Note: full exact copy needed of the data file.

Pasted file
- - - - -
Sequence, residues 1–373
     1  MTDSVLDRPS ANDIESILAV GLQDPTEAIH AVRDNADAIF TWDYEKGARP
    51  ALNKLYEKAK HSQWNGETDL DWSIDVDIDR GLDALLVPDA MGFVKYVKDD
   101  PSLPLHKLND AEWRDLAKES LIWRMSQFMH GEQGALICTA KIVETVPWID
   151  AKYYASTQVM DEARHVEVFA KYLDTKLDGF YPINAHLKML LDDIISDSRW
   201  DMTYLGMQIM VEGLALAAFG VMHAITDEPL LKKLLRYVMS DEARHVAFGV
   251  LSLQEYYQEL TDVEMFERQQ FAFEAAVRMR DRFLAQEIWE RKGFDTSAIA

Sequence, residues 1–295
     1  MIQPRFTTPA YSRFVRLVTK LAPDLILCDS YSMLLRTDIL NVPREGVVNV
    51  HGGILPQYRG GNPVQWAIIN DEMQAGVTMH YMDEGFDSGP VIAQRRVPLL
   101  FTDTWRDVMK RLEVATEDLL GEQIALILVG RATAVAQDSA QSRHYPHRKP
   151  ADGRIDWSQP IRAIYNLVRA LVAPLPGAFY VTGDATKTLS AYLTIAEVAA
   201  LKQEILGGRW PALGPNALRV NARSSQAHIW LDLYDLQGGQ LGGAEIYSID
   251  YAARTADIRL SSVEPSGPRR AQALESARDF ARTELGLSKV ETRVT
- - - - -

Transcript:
Sequence, residues 1–373
     1  MTDSVLDRPS ANDIESILAV GLQDPTEAIH AVRDNADAIF TWDYEKGARP
    51  ALNKLYEKAK HSQWNGETDL DWSIDVDIDR GLDALLVPDA MGFVKYVKDD
   101  PSLPLHKLND AEWRDLAKES LIWRMSQFMH GEQGALICTA KIVETVPWID
   151  AKYYASTQVM DEARHVEVFA KYLDTKLDGF YPINAHLKML LDDIISDSRW
   201  DMTYLGMQIM VEGLALAAFG VMHAITDEPL LKKLLRYVMS DEARHVAFGV
   251  LSLQEYYQEL TDVEMFERQQ FAFEAAVRMR DRFLAQEIWE RKGFDTSAIA

Sequence, residues 1–295
     1  MIQPRFTTPA YSRFVRLVTK LAPDLILCDS YSMLLRTDIL NVPREGVVNV
    51  HGGILPQYRG GNPVQWAIIN DEMQAGVTMH YMDEGFDSGP VIAQRRVPLL
   101  FTDTWRDVMK RLEVATEDLL GEQIALILVG RATAVAQDSA QSRHYPHRKP
   151  ADGRIDWSQP IRAIYNLVRA LVAPLPGAFY VTGDATKTLS AYLTIAEVAA
   201  LKQEILGGRW PALGPNALRV NARSSQAHIW LDLYDLQGGQ LGGAEIYSID
   251  YAARTADIRL SSVEPSGPRR AQALESARDF ARTELGLSKV ETRVT